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 Home -> Reviews -> Rowan's Battle of Britain
Rowan's Battle of Britain By John "Award" Del Percio, May 09, 2001
Developer :Rowan Software
Publisher :Empire Interactive
Release Date :Winter 2001
Demo Available : Yes - Download
Table of Contents

· Introduction
· Closer Look
· Facts
· Final

Tally Ho!

I should mention, before I begin the discussion on the game elements, is that Battle of Britain is a flight simulator. This isn't your average shoot-em-up space superiority fighter sim which you can figure out overnight with nothing but a joystick at your side. You must get used to the way aeronautics work. Not only that, but, while a modern fighter is far more complicated to operate than a WWII Spitfire, the WWII prop-craft are far easier to operate in terms of usage. A modern fighter operates like a space superiority fighter in many ways. The engines are always rolling, so you can move in most any direction, and still keep electronic target lock. In WWII, your plan was vastly affected by wind currents, slipstreams, if you went up too steep, you could stall or roll to the ground, and trying to turn in the direction of your target was very difficult, let alone keeping him in your tiny sights.

First, we'll discuss the 3D combat simulator. I have not seen a simulator with this much configurability ever before. Aside from the typical system graphics and sound settings, there is an entire options panel for simulator options. You can set the physics to be realistic or simple, you can set the AI to respond just as it did in the war, or it can respond with over fifty years of hindsight and improve its tactics. You can set it to disable full control of prop pitch and engine management, or to give it a go yourself. There are countless other possible options you can select within the simulator.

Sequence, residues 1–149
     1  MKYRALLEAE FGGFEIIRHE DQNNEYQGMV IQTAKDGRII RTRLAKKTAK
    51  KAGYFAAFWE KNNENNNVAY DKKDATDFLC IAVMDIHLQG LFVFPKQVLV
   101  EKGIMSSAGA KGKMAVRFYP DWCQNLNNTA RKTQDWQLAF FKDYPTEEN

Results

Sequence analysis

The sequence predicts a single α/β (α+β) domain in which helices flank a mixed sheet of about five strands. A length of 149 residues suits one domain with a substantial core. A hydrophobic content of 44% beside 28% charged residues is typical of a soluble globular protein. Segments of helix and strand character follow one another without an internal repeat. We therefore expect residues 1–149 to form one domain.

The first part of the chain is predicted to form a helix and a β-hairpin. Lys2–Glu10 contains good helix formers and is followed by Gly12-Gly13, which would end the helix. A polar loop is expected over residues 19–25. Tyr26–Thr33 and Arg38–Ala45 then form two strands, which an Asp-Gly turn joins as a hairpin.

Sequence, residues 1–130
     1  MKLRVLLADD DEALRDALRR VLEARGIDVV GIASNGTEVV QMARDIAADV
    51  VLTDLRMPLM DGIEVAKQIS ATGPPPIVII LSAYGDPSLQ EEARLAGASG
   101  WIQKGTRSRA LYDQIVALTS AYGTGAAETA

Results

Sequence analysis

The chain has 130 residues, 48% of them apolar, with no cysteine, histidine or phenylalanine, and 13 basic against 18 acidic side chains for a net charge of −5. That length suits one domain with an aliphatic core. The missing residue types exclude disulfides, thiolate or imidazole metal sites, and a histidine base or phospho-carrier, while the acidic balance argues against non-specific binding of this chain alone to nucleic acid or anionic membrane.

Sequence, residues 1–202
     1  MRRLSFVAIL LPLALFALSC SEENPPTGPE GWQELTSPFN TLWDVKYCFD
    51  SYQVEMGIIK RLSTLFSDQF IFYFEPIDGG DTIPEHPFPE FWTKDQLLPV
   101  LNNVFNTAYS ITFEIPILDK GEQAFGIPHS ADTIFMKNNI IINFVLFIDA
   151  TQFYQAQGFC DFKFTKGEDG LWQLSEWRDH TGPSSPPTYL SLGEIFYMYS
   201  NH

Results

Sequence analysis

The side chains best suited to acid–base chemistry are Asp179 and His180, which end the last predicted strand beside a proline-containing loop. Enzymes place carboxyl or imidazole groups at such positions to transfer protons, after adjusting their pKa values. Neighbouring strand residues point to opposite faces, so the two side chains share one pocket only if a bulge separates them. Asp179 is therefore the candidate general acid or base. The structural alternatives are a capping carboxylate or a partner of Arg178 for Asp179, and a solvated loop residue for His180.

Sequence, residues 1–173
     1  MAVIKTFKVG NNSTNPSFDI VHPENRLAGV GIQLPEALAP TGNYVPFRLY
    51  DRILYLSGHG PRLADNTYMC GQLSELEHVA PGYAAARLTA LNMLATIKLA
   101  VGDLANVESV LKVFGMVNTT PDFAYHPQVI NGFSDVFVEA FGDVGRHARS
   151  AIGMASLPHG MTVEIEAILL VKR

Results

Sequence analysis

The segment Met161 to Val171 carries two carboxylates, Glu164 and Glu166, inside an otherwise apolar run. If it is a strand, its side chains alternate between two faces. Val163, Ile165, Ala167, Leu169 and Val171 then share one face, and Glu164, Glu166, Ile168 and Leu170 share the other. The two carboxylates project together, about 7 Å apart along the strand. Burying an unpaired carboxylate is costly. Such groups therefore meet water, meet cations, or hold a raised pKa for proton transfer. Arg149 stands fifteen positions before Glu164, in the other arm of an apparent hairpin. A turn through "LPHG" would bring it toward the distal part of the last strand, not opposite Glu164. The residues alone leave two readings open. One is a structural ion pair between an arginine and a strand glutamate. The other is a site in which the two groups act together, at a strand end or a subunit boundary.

For simulator mode, you can either enter through various points in the campaign (more discussion about the 2D campaign map on page 3), via multiplayer, or in the "quick shots". For now, I'll discuss the quick shots. As the name implies, it is a quick mission round, ranging from simple fighter and bomber training exercises to historical battles such as the Battle of Britain itself. In many of the quick battles you already start in mid air ready to fight, though that is far easier said than done. BoB features the most accurate WWII simulator I've seen. Down to the slightest details of control over your craft (assuming you have the realistic flight model and full engine and prop management enabled), the cockpit, and flight physics and dynamics, it is an authentic flying experience. I just wish I had a force feedback joystick to go with it, or better yet, rudder pedals!

Combat is precise. Unless you are tailing your enemy, the odds of hitting him are marginal. You have a (realistic) tiny dot for a reticule, and a fine stream of (highly limited) ammunition. If that wasn't difficult enough, you must keep your enemy in your sights or risk loosing him. They had no radar or sensors back then. Visual was the only detection system...bad news if you have a bogie on your tail, or if you lost your target thanks to tricky maneuvering, or a gust of wind that knocked you off course. In fact, it is so precise that the Lutwaffe is far more difficult to play. Why? Because, among more technical reasons, all the radio chatter is in German. Since I don't speak German, I had to read the subtitles which lost valuable time in tracking my target.

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